Yoko Ono Helps Rock Hall Explore John Lennon's New York Years - Rolling Stone
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Yoko Ono Helps Rock Hall Explore John Lennon’s New York Years

One of the last things visitors will see when “John Lennon: The New York City Years” opens to the general public Tuesday (May 12th) at the Rock and Roll Hall of Fame Annex in Manhattan almost didn’t make the exhibit, which was curated by Lennon’s widow, Yoko Ono, and Jim Henke from the Rock Hall. It is perhaps the most striking of the items that will be on display through late fall.

(Get a first look at the John Lennon exhibit here.)

It’s a small canvas bag from New York’s St. Luke’s-Roosevelt Hospital Center, and it’s wrapped in plastic. It contains the clothing Lennon was wearing the night he was murdered, and Ono says she thought long and hard before making the bag the exhibit’s parting shot. The message the bag — and a photo Ono snapped of Lennon’s blood-soaked glasses — sends about gun violence was too powerful to keep private. The message, that more than 932,000 people have died as a result of gun violence since her husband’s murder, was “important for people to see that, and for people to understand what violence is about.”

Ono, dressed in a pin-stripped blazer, shades and a white hat, spoke during a press conference today, and says initially, she figured she “would be criticized” for including the bag, labeled “Patient’s Belongings,” as part of an exhibit celebrating Lennon’s love of the Big Apple, and its influence on his art, his life, and ultimately, his death.

“John loved New York City. When he came here, he felt it was his home, and this is a thorough representation of John’s life in New York,” Ono told reporters of the exhibit, adding that she’s sure Lennon was lonely at times, as he was the only one of the Beatles who resided in Manhattan. “He was head over heels in love with this city, and when you’re in love, you forget you had a past.”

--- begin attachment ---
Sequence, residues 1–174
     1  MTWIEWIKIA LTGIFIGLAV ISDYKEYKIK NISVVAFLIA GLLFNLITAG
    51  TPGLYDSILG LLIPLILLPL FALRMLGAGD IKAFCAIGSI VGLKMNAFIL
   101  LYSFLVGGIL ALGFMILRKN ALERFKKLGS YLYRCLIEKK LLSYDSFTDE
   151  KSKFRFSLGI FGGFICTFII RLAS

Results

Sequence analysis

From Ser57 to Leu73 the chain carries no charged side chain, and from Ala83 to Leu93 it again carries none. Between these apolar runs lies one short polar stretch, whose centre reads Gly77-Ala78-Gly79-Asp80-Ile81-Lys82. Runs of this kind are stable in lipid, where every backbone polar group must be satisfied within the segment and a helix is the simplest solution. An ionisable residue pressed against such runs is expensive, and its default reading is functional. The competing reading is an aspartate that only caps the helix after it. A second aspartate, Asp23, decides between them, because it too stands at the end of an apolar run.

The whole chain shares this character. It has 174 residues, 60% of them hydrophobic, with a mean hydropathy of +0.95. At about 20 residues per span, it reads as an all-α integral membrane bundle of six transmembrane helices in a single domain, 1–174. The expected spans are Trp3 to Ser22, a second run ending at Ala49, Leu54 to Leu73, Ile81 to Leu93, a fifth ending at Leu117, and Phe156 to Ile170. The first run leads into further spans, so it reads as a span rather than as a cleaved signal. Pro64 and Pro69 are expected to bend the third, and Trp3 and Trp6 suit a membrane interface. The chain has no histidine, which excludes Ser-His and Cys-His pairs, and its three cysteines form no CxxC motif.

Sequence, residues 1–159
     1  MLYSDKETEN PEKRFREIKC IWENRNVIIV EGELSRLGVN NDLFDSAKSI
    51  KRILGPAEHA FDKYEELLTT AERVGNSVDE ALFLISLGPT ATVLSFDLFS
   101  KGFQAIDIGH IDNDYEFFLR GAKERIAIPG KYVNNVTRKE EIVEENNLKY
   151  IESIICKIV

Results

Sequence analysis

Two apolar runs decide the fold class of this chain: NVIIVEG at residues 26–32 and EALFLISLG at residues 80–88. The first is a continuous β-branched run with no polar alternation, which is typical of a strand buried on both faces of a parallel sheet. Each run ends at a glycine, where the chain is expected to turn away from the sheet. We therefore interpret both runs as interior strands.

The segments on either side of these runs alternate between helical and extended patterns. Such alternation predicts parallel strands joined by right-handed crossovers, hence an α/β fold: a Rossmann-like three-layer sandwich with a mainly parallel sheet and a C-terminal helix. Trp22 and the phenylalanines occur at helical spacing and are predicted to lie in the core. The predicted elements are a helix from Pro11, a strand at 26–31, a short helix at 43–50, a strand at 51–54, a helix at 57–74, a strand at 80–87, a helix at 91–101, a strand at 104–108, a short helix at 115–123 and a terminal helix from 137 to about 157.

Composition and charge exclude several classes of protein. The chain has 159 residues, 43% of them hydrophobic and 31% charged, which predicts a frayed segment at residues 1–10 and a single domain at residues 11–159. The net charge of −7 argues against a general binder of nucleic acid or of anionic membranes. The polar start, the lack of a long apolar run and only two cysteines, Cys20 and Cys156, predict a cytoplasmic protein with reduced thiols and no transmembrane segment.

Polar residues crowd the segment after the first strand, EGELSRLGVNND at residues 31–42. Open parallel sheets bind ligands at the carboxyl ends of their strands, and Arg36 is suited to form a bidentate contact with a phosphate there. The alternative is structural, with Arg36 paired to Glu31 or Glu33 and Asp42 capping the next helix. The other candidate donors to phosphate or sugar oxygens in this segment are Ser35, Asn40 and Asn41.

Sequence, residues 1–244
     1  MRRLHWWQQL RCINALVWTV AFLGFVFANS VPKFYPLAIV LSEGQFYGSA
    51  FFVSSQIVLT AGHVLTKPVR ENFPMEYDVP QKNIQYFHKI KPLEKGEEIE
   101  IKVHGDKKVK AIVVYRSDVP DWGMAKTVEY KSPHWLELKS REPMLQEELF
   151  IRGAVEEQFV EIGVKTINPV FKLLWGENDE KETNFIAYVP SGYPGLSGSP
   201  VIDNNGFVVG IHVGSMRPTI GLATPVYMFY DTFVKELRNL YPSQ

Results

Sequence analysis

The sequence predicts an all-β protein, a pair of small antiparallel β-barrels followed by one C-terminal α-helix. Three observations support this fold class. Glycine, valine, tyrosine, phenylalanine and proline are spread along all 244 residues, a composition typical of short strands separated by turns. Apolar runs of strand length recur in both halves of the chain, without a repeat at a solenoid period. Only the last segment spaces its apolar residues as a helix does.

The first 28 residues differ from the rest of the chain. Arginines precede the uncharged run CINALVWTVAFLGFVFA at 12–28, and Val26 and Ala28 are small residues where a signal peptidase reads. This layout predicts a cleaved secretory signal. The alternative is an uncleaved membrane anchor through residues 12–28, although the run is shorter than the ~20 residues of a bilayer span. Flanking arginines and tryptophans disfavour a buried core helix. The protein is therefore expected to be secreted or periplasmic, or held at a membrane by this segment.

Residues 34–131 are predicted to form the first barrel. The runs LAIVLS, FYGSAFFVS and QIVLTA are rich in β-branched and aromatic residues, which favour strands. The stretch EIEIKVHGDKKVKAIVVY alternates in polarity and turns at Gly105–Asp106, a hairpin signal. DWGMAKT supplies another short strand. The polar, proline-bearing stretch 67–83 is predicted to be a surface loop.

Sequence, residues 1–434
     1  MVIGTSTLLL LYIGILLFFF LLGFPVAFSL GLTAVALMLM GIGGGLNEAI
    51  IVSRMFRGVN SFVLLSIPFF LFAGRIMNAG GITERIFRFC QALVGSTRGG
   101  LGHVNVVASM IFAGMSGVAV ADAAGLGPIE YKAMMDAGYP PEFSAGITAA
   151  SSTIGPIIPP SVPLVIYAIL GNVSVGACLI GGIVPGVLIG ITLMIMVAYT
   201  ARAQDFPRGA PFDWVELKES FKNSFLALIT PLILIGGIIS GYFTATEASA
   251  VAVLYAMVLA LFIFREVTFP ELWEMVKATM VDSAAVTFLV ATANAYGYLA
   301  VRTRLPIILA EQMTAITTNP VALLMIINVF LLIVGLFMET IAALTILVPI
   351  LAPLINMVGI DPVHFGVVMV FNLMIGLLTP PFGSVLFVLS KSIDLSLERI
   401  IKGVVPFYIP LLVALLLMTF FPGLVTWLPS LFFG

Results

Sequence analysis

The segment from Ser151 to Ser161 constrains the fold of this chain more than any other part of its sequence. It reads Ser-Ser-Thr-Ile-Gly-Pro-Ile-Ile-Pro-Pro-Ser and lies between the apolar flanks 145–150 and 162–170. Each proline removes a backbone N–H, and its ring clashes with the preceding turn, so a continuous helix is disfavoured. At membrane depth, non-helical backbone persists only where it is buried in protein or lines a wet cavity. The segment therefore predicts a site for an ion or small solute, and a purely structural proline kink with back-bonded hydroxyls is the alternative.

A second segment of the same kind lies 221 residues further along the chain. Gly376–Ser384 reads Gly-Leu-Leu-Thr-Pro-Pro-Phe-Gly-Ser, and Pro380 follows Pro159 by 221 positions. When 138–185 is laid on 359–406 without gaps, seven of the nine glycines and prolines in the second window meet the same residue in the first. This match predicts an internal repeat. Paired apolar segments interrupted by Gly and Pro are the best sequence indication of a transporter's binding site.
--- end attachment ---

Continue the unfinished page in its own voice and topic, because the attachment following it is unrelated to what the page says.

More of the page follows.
The exhibit features a number of items from the Rock Hall Museum, as well as a museum in Japan. Other items, Ono confessed, came from her closet. Among the treasures on display, fans will find Lennon’s iconic “New York City” muscle shirt (stains and all), a number of collages, self-portraits (including one of Lennon’s as the Statue of Liberty), and handwritten lyrics to songs like “Working Class Hero,” “God” and “Woman is the Nigger of the World,” some scribbled on recording studio and hotel stationary. There’s also the Fender Telecaster Lennon played on stage with Elton John at Madison Square Garden in 1974, rare video footage of Lennon and Ono in New York, and the couple’s official declaration of Nutopia: The Country of Peace.

The exhibit also chronicles Lennon’s fight against deportation, with his green card, his visa, and letters of support from the likes of Dick Clark and Joan Baez.

Ono says the exhibit is the first of its kind, and for those who swing by to take it all in, Yoko has included something to ensure it’s like no other exhibit you’ve experienced. A white phone is affixed to the wall, and the card next to it reads, “A Phone For Peace.” The simple instructions? “When the phone rings, pick it up.” Ono said she’ll be calling the phone, “only when I remember,” to deliver a message of peace to whoever answers, she says.


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